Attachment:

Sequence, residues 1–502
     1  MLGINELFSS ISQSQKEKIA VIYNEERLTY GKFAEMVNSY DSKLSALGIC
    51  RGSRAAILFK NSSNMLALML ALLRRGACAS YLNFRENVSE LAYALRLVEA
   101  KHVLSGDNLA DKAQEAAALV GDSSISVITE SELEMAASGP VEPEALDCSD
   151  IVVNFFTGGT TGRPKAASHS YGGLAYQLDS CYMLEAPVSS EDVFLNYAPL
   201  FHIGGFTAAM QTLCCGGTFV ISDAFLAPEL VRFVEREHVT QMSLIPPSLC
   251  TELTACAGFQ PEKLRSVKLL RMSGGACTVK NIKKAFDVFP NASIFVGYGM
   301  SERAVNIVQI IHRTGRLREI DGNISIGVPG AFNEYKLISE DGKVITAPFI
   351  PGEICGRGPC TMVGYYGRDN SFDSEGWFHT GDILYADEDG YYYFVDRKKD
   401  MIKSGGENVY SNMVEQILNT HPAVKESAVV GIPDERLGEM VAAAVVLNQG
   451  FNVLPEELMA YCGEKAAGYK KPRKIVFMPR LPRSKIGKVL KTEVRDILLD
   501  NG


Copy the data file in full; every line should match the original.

Sequence, residues 1–502
     1  MLGINELFSS ISQSQKEKIA VIYNEERLTY GKFAEMVNSY DSKLSALGIC
    51  RGSRAAILFK NSSNMLALML ALLRRGACAS YLNFRENVSE LAYALRLVEA
   101  KHVLSGDNLA DKAQEAAALV GDSSISVITE SELEMAASGP VEPEALDCSD
   151  IVVNFFTGGT TGRPKAASHS YGGLAYQLDS CYMLEAPVSS EDVFLNYAPL
   201  FHIGGFTAAM QTLCCGGTFV ISDAFLAPEL VRFVEREHVT QMSLIPPSLC
   251  TELTACAGFQ PEKLRSVKLL RMSGGACTVK NIKKAFDVFP NASIFVGYGM
   301  SERAVNIVQI IHRTGRLREI DGNISIGVPG AFNEYKLISE DGKVITAPFI
   351  PGEICGRGPC TMVGYYGRDN SFDSEGWFHT GDILYADEDG YYYFVDRKKD
   401  MIKSGGENVY SNMVEQILNT HPAVKESAVV GIPDERLGEM VAAAVVLNQG
   451  FNVLPEELMA YCGEKAAGYK KPRKIVFMPR LPRSKIGKVL KTEVRDILLD
   501  NG